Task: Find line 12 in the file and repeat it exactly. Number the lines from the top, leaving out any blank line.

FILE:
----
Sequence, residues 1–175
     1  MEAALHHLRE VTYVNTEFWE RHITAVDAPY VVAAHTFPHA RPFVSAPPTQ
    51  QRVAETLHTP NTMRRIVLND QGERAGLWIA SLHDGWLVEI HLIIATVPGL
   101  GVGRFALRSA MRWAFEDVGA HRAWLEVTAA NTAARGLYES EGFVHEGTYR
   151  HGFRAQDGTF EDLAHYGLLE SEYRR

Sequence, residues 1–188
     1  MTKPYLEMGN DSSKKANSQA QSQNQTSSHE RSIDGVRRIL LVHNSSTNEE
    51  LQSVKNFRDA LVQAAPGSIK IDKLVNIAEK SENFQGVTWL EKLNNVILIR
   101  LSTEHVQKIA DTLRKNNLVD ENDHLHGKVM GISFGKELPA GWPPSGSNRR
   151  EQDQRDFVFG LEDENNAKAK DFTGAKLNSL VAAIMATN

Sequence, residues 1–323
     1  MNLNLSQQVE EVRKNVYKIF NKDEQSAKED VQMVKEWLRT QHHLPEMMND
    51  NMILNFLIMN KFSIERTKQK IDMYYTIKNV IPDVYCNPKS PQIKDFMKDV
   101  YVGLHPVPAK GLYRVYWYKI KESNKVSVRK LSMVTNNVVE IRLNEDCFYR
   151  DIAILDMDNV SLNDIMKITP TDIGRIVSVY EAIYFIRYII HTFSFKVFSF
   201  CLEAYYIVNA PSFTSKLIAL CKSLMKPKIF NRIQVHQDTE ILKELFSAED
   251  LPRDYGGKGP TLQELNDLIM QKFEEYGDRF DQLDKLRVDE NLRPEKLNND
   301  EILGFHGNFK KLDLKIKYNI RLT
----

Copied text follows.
     1  MNLNLSQQVE EVRKNVYKIF NKDEQSAKED VQMVKEWLRT QHHLPEMMND